The sex and racial differences identified in the study by Scosyrev et al. are compelling and corroborate several previous population-based reports. Lee et al examined the trends in bladder cancer presentation and survival in white and AA patients over a 27-year period.3 They observed that AA patients consistently presented with higher stage and grade tumors over the entire study period. Disease-specific survival, controlling for stage and grade, also was significantly worse for AA patients with localized and locally advanced disease. On multivariate analysis, AA race was an independent predictor of inferior cancer-specific survival. The most impressive finding of that SEER-based study was the persistence of the racial disparity over 27 years. Another population-based study by Prout et al demonstrated that poorer overall survival for AA patients was limited to those with pathologic T2 (pT2) and pT3 disease.4 Similarly, in that study, AA patients presented with higher grade and stage tumors. However, AA patients and white patients did not differ with respect to diagnostic tests performed or therapy received. This is in contrast to earlier reports suggesting that survival differences between races were partly because AA patients were less likely to undergo surgery than white patients.5 The authors speculated that differences in comorbidities (not well differentiated in this study) and extent of disease within tumor stage may have had an impact on the differences in outcomes. Underwood et al examined the interaction between race, sex, and geographic location on the racial disparity in bladder cancer.6 Using the SEER database, those authors observed that not only did AA patients have more aggressive tumors and demonstrate poorer cancer-specific survival but also that women of both races had worse outcomes, and AA women had the worst survival. The differences were greatest in certain regions of the country, particularly the metropolitan Atlanta area.
Previous studies also have documented the sex disparity in bladder cancer survival. By using the SEER database, Mungan et al reported a stage-adjusted worse survival for women in the US.7 It is noteworthy that the second arm of that study examined the same survival outcomes in the Netherlands and identified less striking sex differences. Those findings, however, support the notion that differences in stage at presentation are unlikely to fully explain the worse prognosis for women with bladder cancer.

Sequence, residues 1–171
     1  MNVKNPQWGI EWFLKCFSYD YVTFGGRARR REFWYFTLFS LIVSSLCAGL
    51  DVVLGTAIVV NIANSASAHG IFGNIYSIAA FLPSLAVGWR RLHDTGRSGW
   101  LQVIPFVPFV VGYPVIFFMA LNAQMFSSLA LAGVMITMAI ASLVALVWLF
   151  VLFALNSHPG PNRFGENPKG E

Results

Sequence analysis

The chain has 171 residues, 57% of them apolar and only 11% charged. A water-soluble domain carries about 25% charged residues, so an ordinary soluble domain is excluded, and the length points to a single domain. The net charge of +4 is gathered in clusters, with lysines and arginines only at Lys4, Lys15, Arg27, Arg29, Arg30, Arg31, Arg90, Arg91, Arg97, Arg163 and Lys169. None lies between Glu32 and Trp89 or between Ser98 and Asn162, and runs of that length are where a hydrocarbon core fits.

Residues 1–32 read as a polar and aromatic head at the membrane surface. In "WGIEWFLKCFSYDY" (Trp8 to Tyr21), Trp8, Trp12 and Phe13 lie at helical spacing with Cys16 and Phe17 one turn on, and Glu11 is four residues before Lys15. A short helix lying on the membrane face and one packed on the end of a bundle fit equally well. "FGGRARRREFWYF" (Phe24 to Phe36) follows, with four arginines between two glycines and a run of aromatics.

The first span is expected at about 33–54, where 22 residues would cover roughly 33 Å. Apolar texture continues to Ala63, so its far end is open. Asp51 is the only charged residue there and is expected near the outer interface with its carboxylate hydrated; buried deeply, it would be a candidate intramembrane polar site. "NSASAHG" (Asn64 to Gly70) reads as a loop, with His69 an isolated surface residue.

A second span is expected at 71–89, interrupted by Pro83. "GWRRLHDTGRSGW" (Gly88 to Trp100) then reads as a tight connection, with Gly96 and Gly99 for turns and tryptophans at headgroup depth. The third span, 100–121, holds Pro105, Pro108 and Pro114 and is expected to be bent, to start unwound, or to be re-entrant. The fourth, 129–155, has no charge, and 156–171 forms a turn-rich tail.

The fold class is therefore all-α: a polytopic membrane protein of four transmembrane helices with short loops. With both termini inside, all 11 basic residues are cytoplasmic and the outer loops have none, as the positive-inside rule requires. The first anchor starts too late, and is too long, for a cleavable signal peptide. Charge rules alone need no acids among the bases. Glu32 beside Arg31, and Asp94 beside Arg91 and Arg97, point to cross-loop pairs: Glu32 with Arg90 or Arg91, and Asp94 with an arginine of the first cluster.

The etiologies of the sex and racial disparities in bladder cancer incidence and survival are yet to be elucidated. The current study by the Scosyrev group is timely, because it reiterates that clinicians must take the next steps in investigating racial and sex inequalities in bladder cancer. There is no question that the disparities exist, even when controlling for multiple tumor characteristics (eg, stage and grade). For the most part, however, researchers have been able only to speculate regarding why these differences exist. Recently, some studies have begun to shed more light on the etiology of the sex and racial differences in bladder cancer.
Taub et al examined the Nationwide Inpatient Sample from 1988 to 2000.8 Over 15,000 patients who underwent radical cystectomy in the US were included in their analysis. Both inpatient mortality and hospital length of stay (LOS) were increased significantly in AA patients compared with white patients, even when controlling for comorbidities, hospital factors, and demographics. Women also experienced a longer LOS compared with men. Inpatient mortality and LOS may be surrogate markers for the quality of surgical and postoperative care. Thus, the findings described above suggest unequal or inferior treatment as a possible cause of the sex and racial inequalities. Suboptimal treatment may be because of patient, physician, and/or system factors. Certain patients may deny the best treatment options available, especially when urinary diversion requiring a stoma and/or sexual dysfunction occurs. Provider diagnostic and therapeutic choices may be influenced by race and sex,9 and physicians may not provide the best treatment because of lack of knowledge or training and the extensive work required to care for patients with bladder cancer. Finally, system-level problems include minorities being enrolled in inferior health plans and having poorer access to healthcare.